Hesperian Health Guides
How children learn social skills
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We are not born with social skills. We begin to learn them as babies, as soon as we become aware of other people. As children and adults, we continue to learn and use these skills throughout our lives.
At first these social skills are very simple. A baby learns to return his mother's smile or a child learns to take turns while playing a game. But as a child grows older, he needs more developed social skills to get along with other people.
| 2 years old
||3 years old
||5 years old
The 'right' behavior for your child depends on his age. If you expect more than your child can do, you and he will both be unhappy. But if you expect too little from your child, he will not learn new skills. See more information on when children learn new social skills.
Like all kinds of development, children learn social skills in steps. To develop social skills, a child needs to become aware of other people's feelings. And she needs to learn how to share and cooperate with other people.
At first a child plays alongside other children. This means she enjoys being near them as she plays, but she does not actually play with them.
Then she learns to play with others. She learns to share toys and play games where everyone must cooperate.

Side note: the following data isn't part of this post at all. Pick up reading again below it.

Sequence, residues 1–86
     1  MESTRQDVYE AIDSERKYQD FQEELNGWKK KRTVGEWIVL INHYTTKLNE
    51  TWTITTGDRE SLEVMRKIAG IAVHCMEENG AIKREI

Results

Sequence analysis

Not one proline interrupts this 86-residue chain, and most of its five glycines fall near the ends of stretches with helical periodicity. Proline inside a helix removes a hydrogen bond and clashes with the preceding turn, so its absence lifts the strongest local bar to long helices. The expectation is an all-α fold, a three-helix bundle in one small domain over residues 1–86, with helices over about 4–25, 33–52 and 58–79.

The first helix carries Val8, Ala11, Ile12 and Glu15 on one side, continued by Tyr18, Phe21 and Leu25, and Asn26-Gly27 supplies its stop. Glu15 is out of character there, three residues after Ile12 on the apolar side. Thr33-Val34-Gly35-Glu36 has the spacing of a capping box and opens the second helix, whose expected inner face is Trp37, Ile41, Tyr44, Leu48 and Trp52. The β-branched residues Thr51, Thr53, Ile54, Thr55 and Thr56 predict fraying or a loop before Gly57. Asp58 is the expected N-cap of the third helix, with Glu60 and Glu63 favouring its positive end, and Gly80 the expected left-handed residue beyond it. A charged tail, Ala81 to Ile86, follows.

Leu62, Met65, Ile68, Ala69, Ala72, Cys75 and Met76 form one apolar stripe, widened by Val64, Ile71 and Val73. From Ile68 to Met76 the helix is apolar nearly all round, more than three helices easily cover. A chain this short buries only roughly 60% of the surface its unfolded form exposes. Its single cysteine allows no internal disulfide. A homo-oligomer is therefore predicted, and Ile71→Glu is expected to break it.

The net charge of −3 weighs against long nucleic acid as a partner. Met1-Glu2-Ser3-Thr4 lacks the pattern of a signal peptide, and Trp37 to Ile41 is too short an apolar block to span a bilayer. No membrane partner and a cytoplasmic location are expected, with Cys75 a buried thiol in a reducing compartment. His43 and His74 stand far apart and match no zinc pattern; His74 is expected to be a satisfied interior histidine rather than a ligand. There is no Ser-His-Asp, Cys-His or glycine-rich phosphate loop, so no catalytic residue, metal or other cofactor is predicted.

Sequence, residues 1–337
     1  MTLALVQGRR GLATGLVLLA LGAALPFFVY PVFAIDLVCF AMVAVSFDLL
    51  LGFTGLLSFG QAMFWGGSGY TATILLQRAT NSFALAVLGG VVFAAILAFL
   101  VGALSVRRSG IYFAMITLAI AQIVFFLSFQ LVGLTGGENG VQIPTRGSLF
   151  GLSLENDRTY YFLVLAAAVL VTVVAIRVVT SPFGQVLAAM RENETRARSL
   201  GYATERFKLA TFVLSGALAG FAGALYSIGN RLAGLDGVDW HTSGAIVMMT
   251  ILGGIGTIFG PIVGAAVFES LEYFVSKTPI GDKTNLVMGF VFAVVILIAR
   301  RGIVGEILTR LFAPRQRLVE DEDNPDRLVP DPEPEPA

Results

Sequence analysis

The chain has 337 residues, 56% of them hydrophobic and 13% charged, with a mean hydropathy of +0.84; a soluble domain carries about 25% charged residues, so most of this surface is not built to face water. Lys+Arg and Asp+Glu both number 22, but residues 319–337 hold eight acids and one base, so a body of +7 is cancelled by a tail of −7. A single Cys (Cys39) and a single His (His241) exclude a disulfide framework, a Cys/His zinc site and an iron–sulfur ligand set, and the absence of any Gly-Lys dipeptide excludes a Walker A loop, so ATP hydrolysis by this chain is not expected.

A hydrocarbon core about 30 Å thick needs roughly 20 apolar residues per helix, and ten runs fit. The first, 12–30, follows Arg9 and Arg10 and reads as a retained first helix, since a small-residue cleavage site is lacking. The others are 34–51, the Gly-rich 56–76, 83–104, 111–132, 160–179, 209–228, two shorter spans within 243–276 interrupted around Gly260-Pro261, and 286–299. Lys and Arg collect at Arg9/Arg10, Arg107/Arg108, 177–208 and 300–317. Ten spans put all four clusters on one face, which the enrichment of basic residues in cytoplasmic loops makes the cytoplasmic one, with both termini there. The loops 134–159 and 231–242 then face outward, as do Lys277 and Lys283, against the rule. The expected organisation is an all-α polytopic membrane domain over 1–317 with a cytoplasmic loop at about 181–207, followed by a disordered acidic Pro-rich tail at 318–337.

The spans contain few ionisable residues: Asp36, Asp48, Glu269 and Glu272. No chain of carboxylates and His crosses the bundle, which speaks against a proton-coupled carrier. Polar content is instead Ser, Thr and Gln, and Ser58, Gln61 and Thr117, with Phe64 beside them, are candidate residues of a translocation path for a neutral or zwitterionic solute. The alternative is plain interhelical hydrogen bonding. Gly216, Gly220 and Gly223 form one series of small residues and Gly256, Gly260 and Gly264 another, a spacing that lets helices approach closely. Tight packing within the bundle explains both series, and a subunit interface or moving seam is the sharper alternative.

As children get older, they need to understand rules and
be able to control their behavior.
Children first learn social skills by watching how parents and family members behave with each other. Children copy what others do and what they say as they interact with each other.
Playing with other children
As they play, children learn to follow directions, cooperate, take turns, and share. Play helps young children understand their own emotions, feel proud of what they can do, and develop a sense of who they are.
In the community
Outside their own homes and immediate families, children see how older children and adults talk, play, and work with each other. This is how children learn ways to relate to people outside their families. And in the wider world that opens to them, children learn to practice different responses to situations and different ways of doing things. They develop social skills as they discover their own strengths and weaknesses.